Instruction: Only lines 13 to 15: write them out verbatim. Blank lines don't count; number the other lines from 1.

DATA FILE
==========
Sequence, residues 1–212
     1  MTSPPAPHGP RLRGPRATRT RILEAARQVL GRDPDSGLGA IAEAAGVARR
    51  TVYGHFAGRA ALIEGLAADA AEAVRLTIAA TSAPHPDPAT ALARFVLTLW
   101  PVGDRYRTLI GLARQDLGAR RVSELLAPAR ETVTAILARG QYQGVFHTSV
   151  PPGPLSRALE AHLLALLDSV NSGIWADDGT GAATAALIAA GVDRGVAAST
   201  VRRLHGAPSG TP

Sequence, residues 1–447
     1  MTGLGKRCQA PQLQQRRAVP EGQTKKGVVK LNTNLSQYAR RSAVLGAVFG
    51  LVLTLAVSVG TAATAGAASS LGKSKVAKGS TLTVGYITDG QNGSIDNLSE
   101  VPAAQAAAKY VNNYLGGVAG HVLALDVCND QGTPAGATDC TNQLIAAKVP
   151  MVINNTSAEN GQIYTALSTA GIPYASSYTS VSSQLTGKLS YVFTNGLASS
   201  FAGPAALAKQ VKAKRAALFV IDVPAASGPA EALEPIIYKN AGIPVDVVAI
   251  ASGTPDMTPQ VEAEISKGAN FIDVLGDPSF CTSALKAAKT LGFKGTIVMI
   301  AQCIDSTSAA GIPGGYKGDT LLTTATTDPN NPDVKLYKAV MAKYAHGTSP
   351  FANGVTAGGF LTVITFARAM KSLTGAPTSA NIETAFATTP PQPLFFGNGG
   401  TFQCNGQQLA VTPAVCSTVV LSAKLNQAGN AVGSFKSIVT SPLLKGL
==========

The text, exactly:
   251  ASGTPDMTPQ VEAEISKGAN FIDVLGDPSF CTSALKAAKT LGFKGTIVMI
   301  AQCIDSTSAA GIPGGYKGDT LLTTATTDPN NPDVKLYKAV MAKYAHGTSP
   351  FANGVTAGGF LTVITFARAM KSLTGAPTSA NIETAFATTP PQPLFFGNGG